Black lives matter: On challenging the soul of legal education
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In 2020, the Black Lives Matter movement moved to the fore. Many Americans understood for the first time that racism persists in countless aspects of American society and that the legacy of our past is deep and structural. The legal academy, and higher education more broadly, responded by hiring more racialized scholars and making curricular changes. While I salute this effort, I argue that law schools chose to take the easiest path, instead of seizing the opportunity to question, and challenge, the structure and nature of legal education. I consider the structural characteristics of legal education that contribute to the exclusion of racialized and historically marginalized groups. I conclude that meaningfully advancing equity in our law schools, and responding to the Black Lives Matter movement, will remain hindered by the structure and nature of legal education – its soul. To truly challenge the legacy of racism, we will need to challenge the soul of legal education.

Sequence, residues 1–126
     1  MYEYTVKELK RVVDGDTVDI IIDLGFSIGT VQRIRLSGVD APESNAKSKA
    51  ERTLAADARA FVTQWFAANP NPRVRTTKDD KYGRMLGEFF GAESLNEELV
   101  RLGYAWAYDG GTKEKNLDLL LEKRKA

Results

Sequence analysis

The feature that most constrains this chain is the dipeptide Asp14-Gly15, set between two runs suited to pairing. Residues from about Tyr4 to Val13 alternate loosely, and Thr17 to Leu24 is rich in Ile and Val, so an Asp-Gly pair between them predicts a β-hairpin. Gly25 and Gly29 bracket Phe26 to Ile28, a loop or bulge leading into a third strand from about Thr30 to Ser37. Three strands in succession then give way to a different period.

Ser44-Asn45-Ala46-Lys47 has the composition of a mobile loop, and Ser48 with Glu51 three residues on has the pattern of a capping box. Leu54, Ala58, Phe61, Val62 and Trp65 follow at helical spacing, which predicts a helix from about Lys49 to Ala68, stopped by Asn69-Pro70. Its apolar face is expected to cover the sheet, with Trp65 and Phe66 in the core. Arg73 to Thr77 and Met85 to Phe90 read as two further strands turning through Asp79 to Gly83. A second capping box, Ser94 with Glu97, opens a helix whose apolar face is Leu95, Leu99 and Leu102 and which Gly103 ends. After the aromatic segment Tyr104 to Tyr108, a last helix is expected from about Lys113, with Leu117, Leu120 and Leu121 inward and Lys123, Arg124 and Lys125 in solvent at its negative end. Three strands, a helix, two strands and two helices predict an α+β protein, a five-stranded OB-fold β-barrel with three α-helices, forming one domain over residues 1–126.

- Faculty of Law